Macomber says that most pain people seek to diminish can actually be directly alleviated through trigger point therapy. “It is estimated that as much as 85% of pain for which people seek medical attention is myofascial (muscle and connective tissue) in origin. A myofascial trigger point therapist knows that effective treatment that lasts is not only composed of locating and appropriately treating the significant trigger points but must also address perpetuating factors (the things that keep people from getting better) and offer a rehabilitative movement program.” In other words, if you want to feel better and get your muscles functioning optimally, you might have to tweak some lifestyle choices. “I can give you the greatest treatment in the world, and you can walk out of here feeling like a million bucks, but it doesn’t help if we don’t talk about lack of sleep or the excessive coffee you have every day—the pain is just going to come back if we don’t figure that stuff out,” says Macomber.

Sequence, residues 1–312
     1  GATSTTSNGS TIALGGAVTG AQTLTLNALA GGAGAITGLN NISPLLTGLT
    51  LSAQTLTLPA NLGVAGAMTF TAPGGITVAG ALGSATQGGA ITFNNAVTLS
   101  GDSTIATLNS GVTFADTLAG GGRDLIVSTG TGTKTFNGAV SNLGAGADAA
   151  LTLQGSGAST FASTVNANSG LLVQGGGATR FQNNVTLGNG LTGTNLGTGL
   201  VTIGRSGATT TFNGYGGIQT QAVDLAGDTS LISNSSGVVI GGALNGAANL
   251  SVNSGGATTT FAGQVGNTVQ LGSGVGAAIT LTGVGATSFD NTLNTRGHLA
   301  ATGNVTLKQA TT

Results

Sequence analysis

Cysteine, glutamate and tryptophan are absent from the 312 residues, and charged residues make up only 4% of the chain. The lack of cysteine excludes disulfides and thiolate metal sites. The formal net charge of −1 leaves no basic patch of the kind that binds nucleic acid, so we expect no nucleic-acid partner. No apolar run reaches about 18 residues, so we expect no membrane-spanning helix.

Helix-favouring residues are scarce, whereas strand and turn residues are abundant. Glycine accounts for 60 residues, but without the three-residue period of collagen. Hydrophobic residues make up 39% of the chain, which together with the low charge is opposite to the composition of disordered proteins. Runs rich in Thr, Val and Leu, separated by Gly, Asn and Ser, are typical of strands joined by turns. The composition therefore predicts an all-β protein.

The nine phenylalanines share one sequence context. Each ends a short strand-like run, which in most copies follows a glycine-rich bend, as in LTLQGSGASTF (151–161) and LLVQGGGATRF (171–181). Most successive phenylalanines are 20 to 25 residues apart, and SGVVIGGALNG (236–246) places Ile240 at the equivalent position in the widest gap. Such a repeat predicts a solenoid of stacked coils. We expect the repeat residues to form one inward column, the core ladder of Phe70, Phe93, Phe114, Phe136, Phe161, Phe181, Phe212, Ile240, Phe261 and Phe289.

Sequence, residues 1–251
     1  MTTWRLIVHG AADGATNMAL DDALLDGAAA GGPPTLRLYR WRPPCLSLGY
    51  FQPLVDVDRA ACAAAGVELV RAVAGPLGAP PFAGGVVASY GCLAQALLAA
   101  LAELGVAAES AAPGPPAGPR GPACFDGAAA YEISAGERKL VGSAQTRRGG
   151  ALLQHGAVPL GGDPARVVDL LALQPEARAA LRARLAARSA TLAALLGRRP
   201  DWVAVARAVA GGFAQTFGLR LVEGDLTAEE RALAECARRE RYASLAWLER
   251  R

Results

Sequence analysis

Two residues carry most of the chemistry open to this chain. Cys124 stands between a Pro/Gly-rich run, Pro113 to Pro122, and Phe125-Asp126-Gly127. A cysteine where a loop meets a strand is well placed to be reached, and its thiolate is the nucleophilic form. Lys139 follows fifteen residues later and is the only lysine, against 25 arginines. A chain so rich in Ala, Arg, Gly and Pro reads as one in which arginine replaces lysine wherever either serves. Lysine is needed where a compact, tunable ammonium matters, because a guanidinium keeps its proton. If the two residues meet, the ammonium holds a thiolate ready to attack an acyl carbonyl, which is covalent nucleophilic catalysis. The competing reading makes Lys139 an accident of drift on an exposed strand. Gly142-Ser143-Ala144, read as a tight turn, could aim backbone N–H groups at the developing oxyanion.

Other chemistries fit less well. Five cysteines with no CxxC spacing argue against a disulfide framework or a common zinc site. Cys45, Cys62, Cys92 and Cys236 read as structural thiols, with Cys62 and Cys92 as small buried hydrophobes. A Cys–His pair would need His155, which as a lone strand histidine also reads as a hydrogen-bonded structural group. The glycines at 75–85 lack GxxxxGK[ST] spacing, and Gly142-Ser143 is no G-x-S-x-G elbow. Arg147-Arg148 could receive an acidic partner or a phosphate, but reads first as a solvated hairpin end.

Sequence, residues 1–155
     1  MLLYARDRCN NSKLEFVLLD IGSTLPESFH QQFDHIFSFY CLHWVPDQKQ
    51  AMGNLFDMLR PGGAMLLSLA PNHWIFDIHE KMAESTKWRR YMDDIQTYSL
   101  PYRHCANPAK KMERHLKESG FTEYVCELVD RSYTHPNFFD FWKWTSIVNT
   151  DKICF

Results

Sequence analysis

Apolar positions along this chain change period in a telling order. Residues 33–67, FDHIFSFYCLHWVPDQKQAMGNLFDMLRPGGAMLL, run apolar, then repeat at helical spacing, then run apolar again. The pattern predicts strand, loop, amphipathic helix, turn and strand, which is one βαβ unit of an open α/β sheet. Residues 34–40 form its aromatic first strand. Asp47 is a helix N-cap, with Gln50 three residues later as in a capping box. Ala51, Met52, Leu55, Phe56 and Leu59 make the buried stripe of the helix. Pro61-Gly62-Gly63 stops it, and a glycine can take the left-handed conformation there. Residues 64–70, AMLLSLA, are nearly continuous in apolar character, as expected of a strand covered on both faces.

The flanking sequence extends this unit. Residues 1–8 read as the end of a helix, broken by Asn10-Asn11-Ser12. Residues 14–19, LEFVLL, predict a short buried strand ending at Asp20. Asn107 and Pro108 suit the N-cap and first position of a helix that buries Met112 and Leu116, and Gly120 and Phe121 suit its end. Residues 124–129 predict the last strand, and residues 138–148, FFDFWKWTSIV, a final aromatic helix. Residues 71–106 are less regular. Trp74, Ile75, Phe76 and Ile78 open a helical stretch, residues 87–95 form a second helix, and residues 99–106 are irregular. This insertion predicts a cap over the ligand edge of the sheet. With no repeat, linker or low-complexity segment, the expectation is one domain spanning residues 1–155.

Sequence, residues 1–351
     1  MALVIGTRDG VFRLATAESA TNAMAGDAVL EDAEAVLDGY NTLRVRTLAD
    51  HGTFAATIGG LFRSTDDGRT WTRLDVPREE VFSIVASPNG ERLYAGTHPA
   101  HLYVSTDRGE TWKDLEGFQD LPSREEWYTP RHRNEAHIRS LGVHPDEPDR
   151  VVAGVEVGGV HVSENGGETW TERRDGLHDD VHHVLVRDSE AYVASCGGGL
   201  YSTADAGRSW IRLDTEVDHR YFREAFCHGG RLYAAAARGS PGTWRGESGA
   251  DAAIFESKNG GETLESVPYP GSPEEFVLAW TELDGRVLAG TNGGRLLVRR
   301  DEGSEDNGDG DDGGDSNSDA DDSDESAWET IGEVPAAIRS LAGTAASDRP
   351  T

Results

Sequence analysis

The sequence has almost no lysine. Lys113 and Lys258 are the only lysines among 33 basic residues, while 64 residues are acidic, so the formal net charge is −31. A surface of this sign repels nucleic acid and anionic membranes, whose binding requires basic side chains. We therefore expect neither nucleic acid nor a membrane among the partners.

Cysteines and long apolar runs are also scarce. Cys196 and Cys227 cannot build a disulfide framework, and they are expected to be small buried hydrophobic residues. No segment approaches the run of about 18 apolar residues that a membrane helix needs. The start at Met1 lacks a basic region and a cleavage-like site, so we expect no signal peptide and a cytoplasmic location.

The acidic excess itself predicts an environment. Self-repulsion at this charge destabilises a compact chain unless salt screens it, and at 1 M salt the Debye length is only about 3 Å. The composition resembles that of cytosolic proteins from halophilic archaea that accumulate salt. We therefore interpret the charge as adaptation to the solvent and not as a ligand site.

All of our experts agree that stretching regularly is key to preventing these trigger points. Just be sure to keep good form. “Sometimes the stretches my patients are already doing only need a few minor adjustments to make them effective so pain finally vanishes,” Macomber says. As always, eat well, exercise, and keep good posture. All of these things contribute to healthier muscles and a more pain-free you. But if it’s too late for prevention and you’re currently experiencing muscle pain, Lim suggests applying an arnica based product like Naturopathica’s Arnica Muscle Recovery Gel ($32) or soaking in a bath with Naturopathica’s Sweet Birch Bath Flakes. The latter combines sweet birch with magnesium to alleviate sore muscles and stiff joints.